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Perspectives in Biology and Medicine 47.2 (2004) 227-243
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Vignettes from Psychiatric Training, 1945-1951
When I graduated from the Johns Hopkins School of Medicine in June 1945, I went almost directly to a nine-month rotating internship at the University of Iowa Hospital, with the plan of returning to Hopkins for a residency in psychiatry. Iowa City was and is today an outstanding medical center. The relaxed atmosphere not only allowed me to grow personally, but gave time for the assimilation of knowledge from a fine group of professors and a wide diversity of patients brought in by ambulance from the four corners of the state.
My father proudly deposited me and my belongings at the institution from which his brother Myron had graduated in medicine in l903. On a wing close by the wards, an apartment had been constructed for the women interns who, because of the war, had appeared on the scene for the first time. Would I ever adjust to these strange quarters amidst the smells, the bustle, the repeated "Calling Dr. So-and-So" of hospital activity? I settled into a tiny room with its hospital bed and a curtained swinging half-door which provided little privacy. The suite of rooms felt so "clinical," so different from the Hen House where the women medical students at Hopkins had created a home in a row house adjacent to the hospital. I missed my friends, I missed Baltimore itself. To keep myself company, in my spare moments, I began to read Marcel Proust's Remembrance of Things Past. My heart constricted and tears rose to my eyes as he recalled the [End Page 227] touch of his grandmother's enfolding arms. I shared his joy in the sparkling sea reflecting in the mirror of his armoire, and the lights that danced around the bedroom wall. I wrote my parents: "So many times he will elaborate on an unusual idea which had crossed my mind at one time but left me inarticulate."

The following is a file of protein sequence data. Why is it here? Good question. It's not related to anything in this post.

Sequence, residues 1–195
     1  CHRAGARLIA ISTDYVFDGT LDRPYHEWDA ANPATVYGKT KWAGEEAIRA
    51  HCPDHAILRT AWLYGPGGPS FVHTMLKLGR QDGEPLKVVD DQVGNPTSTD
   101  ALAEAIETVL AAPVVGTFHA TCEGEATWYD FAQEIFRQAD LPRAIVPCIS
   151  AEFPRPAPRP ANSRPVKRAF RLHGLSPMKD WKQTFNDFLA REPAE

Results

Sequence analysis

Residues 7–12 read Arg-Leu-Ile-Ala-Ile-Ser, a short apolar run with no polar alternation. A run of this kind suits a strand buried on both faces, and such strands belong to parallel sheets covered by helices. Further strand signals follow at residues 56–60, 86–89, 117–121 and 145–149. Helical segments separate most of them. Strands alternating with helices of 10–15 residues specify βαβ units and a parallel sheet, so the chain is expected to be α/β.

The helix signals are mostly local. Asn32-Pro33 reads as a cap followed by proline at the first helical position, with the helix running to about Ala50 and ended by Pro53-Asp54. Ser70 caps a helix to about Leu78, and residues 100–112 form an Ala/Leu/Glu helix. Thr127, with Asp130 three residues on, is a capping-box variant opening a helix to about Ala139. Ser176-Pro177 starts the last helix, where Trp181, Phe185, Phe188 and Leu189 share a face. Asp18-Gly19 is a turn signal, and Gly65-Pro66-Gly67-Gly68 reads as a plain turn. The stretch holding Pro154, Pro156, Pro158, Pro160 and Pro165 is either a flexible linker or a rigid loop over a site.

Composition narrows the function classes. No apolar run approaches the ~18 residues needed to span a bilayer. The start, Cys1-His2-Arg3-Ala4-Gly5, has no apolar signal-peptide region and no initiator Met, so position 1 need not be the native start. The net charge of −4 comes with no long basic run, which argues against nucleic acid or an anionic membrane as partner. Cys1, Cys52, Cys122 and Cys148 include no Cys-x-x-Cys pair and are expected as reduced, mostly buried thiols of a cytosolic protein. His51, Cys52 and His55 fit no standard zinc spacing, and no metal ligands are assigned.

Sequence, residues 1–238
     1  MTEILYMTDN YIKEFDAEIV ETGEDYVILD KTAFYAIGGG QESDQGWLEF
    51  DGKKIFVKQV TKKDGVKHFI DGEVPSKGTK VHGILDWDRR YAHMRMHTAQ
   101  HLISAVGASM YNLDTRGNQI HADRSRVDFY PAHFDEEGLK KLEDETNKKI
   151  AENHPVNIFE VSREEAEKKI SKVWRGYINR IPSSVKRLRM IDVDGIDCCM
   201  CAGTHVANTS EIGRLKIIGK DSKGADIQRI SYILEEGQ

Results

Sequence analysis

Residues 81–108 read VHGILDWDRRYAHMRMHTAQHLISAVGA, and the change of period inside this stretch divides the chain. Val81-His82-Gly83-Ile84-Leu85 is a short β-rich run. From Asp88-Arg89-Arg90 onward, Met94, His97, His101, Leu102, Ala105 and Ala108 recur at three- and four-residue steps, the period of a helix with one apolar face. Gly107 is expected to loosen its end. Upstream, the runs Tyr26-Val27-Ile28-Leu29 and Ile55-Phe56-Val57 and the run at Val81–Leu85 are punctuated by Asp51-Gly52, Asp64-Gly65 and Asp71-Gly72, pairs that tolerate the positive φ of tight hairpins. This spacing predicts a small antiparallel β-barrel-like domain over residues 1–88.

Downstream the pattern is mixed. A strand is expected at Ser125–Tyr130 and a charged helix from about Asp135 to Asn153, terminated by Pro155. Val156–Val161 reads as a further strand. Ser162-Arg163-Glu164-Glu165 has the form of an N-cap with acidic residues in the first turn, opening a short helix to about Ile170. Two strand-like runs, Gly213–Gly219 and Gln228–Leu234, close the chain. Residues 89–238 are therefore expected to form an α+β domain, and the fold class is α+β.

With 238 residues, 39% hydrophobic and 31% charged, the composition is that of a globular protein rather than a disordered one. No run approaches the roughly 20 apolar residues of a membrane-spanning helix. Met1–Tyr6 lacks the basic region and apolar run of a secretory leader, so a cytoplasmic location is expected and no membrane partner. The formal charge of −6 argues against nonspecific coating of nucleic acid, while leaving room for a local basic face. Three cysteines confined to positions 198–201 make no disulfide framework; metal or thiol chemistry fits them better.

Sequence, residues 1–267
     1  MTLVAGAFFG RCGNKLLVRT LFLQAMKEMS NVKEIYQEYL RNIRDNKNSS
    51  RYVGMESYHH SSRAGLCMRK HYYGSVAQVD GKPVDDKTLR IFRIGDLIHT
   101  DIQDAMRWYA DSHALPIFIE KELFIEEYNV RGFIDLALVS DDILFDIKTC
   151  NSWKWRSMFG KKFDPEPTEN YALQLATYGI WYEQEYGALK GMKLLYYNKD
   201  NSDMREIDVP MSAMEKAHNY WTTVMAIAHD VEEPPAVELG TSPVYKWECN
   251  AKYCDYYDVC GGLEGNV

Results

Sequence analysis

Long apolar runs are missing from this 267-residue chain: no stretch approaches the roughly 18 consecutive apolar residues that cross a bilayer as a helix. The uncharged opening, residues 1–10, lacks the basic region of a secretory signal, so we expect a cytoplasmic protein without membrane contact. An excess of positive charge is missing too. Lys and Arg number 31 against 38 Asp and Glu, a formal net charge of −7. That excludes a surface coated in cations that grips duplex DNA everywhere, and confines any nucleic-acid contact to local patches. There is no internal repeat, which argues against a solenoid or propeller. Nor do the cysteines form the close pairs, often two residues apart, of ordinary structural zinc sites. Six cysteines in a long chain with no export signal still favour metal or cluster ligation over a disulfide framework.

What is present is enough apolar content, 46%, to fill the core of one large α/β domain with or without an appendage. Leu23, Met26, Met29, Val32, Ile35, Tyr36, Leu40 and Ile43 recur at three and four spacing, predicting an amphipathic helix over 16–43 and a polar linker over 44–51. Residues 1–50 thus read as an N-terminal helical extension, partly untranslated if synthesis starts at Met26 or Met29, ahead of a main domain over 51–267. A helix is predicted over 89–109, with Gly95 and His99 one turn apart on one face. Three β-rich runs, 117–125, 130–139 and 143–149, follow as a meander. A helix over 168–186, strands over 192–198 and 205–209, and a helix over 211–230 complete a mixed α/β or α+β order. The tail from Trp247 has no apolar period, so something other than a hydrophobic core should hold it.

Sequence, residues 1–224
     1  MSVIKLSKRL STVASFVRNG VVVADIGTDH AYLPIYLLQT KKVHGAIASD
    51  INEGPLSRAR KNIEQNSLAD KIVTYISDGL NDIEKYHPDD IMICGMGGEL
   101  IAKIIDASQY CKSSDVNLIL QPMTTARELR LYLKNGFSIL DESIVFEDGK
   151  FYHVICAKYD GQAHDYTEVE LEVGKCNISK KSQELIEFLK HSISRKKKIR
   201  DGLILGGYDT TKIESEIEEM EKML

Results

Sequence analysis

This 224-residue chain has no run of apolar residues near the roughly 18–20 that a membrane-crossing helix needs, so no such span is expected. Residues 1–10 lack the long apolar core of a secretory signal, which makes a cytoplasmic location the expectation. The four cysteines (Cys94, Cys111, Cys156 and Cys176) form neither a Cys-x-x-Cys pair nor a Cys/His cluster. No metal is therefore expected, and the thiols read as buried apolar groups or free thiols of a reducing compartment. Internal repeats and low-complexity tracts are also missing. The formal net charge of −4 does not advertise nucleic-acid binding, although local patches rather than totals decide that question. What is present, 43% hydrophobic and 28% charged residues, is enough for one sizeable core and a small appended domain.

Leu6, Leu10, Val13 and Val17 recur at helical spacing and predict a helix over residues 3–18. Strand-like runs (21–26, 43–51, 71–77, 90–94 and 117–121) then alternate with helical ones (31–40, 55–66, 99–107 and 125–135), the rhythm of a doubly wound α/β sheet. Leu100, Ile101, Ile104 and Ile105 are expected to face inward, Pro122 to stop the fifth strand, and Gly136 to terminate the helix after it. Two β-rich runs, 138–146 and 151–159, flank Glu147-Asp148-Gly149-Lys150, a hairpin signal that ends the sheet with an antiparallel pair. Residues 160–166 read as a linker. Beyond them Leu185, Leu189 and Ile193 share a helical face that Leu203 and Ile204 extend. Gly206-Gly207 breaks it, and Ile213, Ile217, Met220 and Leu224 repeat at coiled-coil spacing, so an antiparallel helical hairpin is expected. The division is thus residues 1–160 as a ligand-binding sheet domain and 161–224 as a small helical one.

Our little apartment became more interesting when a young woman doctor from Bombay blew in on a breath of perfumed air. At times I was astounded that someone from the other side of the world could be so much like me. The next moment she was an unfathomable mystery. Her movements were quick—alas, sometimes too quick. One day in the operating room she discarded the gauze that contained radon seeds removed from the cervix of a patient. By the time they were missed, the waste had been emptied into the Iowa River. Two divers from the hydraulic engineering school retrieved the radon from the murky bottom by means of a Geiger counter.
Our apartment hummed with life: Kamal chanting and dancing with bells around her ankles, Helen crocheting, and me busy at the sewing machine. On the Victrola, Dorothy Maynor sang from Louise as she trembled deliciously in her love. We were happy in the home we had created.
My first service at Iowa was in a building across from the hospital, known as "Psycho." I was put right to work giving the intravenous injections of curare to patients who were receiving electric shock treatment. The patients—immobilized by the medicine, which relaxed their muscles so the convulsion did not break their bones—were frightened as the nurse rubbed a conducting ointment into their temples, inserted a padded tongue blade between their teeth, and held the electrodes in place. The blue flash, the convulsion, a pause to be sure the patient had resumed breathing—and a very limp patient was rolled out to make room for the next. At first I was horrified: it all seemed so medieval. But when the memory confusion gradually cleared after the course of therapy was complete, often the depression had been cut short. I came to the conclusion that the psychiatry department at Hopkins could make more use of electroconvulsive therapy (ECT).
The shock therapies, sodium amytal interviews, and use of hypnosis were techniques new to me. With the...